• Transient data objects
  • C++ new/delete
  • C++ STL containers
  • C++ exceptions

Calculating heap space ranges from difficult to impossible in larger systems, because of the dynamic behavior of the application. Moreover there is not much tool support in the embedded world for measuring heap utilization, but we will discuss some methods.

It is important to maintain heap integrity. Allocated data space is typically interspersed with critical memory allocator housekeeping data. Bad use of allocated data space will not only risk the corruption of other data space but may also corrupt the entire memory allocator and most likely crash the application. We will discuss some methods to aid checking for heap integrity.

Another aspect to consider is that the real-time performance of the heap is not deterministic. Memory allocation time depends on such factors as previous use and the requested data space size. This is hardly on the wish list for the cycle-driven embedded developer.

Even if the heap is a core topic in this article, the general guideline is to minimize heap usage in small embedded systems.

Reliable stack design

Why is calculating the stack so difficult?

There are many factors that make it difficult to calculate the maximum stack usage. Many applications are complex and event driven, consisting of hundreds of functions and many interrupts. There are probably interrupt functions that can be triggered at any time and if they are allowed to be nested, the situation becomes even more difficult to grasp. This means that there is not a natural execution flow that can be easily followed. There might be indirect calls using function pointers where the destination of the call could be a number of different functions. Recursion and un-annotated assembly routines will also cause problems for anyone who wants to calculate the maximum stack usage.

Many microcontrollers implement multiple stacks, for example a system stack and a user stack. Multiple stacks are also a reality if you use an embedded RTOS like µC/OS, ThreadX, and others, where each task will have its own stack area. Runtime libraries and third-party software are other factors that complicate the calculation since the source code for libraries and the RTOS may not be available. It is also important to remember that changes to the code and the scheduling of the application can have a large impact on the stack usage. Different compilers and different optimization levels also generate different code that uses different amounts of stack. Taken all together, it is important to continuously keep track of the maximum stack requirement.

How to set the stack size

When designing an application, the stack size requirement is one factor that needs to be considered, and you need a method for determining the amount of stack that you need. Even if you would allocate the entire remaining RAM for stack usage, you still cannot be sure it will be enough. One obvious approach is to test the system under conditions that produce worst-case stack behavior. During these tests you will need a method for finding out how much stack has been used. This can be done in basically two ways: from printouts of the current stack usage or by making sure that you can find traces of stack usage in memory after your test run has been completed. But as discussed above, in most systems the worst case conditions are very hard to provoke in a complex system. The fundamental problem with testing an event-driven system with many interrupts is that it is very likely that some execution paths will never be tested.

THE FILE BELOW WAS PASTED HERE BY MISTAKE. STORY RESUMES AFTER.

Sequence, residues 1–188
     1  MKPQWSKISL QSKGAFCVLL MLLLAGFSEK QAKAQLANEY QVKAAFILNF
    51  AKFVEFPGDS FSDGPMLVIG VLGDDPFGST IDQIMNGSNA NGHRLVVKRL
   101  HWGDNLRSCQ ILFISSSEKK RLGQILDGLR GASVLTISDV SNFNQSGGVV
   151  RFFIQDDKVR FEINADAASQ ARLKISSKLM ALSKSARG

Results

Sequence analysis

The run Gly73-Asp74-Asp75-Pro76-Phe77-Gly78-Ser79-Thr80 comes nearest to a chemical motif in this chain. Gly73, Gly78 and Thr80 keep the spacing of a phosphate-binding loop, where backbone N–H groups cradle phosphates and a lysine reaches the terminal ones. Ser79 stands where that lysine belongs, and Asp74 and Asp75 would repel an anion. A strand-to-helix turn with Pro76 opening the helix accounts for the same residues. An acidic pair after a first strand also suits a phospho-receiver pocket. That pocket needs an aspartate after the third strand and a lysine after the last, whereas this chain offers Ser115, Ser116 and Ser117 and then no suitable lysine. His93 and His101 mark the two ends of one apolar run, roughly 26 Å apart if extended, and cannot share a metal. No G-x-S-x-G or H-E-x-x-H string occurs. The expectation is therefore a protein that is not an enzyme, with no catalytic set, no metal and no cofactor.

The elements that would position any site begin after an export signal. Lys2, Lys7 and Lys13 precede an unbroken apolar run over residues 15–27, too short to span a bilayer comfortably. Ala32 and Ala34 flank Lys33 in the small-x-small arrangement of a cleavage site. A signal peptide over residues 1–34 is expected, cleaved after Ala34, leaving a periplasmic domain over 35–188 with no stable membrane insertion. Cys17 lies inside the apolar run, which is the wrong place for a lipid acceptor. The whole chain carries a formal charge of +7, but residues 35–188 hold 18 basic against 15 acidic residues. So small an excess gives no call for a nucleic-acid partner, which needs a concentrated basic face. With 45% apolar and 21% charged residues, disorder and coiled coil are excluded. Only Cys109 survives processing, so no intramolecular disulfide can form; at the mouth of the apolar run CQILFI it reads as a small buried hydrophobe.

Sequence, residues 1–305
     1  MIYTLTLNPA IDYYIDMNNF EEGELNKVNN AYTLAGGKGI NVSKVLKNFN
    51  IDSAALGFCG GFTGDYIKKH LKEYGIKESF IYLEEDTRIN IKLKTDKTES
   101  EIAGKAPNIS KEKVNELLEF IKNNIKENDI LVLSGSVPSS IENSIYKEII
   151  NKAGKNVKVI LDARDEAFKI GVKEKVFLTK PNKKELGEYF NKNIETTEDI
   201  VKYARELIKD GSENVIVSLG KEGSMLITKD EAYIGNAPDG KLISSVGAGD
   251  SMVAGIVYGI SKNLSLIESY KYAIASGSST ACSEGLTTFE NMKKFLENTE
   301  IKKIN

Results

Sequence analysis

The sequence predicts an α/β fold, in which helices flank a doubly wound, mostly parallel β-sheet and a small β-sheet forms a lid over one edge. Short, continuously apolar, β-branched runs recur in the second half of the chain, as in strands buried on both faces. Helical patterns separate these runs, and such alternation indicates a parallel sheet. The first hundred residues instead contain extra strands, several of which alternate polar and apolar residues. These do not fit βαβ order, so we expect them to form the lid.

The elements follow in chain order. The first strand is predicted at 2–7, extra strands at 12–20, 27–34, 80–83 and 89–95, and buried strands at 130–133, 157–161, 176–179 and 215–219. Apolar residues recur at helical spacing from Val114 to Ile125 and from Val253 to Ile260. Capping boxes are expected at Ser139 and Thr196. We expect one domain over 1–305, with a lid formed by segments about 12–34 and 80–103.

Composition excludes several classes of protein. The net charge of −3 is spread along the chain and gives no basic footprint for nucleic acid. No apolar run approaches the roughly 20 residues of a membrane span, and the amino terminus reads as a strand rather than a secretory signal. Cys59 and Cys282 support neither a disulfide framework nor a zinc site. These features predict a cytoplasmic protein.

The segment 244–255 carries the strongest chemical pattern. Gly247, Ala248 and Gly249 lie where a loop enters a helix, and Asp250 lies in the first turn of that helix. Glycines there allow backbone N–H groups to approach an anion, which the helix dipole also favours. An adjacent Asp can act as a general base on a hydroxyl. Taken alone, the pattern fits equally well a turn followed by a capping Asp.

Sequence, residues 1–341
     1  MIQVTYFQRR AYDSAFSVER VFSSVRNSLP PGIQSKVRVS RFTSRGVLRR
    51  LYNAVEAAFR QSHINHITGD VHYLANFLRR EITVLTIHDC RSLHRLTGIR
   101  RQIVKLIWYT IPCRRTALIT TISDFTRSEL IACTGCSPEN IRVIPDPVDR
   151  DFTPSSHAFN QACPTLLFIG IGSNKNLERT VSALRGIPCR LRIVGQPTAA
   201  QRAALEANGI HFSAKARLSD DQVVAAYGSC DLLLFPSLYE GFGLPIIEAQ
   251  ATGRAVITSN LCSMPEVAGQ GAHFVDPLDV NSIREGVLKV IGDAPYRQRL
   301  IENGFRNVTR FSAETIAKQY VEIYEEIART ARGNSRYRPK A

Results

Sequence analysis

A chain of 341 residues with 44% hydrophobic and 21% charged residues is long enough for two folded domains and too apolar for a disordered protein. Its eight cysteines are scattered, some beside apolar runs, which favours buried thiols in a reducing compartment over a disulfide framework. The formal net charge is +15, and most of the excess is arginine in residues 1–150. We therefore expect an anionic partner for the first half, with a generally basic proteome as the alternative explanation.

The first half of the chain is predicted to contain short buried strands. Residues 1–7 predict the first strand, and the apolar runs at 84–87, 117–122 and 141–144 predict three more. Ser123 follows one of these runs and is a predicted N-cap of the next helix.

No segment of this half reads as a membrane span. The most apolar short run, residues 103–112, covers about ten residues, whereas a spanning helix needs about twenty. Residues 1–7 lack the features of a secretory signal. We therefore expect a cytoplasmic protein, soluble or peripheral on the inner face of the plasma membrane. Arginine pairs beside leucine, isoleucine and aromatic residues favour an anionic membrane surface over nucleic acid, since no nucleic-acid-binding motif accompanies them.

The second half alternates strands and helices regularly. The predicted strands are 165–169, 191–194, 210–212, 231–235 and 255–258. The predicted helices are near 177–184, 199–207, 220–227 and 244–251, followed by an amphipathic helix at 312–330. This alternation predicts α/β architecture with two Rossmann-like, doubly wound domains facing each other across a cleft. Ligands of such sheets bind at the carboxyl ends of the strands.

Another approach would be to calculate the theoretical maximum stack requirement. It’s easy to understand that calculating a complete system manually is impossible. This calculation will require a tool that can analyze the complete system. The tool must operate either on the binary image or the source code. A binary tool works at the machine instruction level to find all possible movements of the program counter through your code, to find the worst case execution path. A source code static analysis tool will read all the compilation units involved. In both cases the tool must be able to determine direct function calls and indirect function calls through pointers in the compilation unit, computing a conservative stack usage profile across the entire system for all call graphs. The source code tool also needs to know the demands the compiler places on the stack, such as alignments and compiler temporaries.

Writing this kind of tool yourself is a difficult task, but there are commercial alternatives, either stand-alone static stack calculation tools like PC-Lint, or one provided by the solution vendor, like the stack calculation tool that is available for Express Logic’s ThreadX RTOS. Other types of tools that have the information needed to calculate the maximum stack requirement are the compiler and the linker. This functionality is available for example in IAR Embedded Workbench for ARM. We will now look at some methods that can be used to estimate the stack size requirement.

Different methods to set the stack size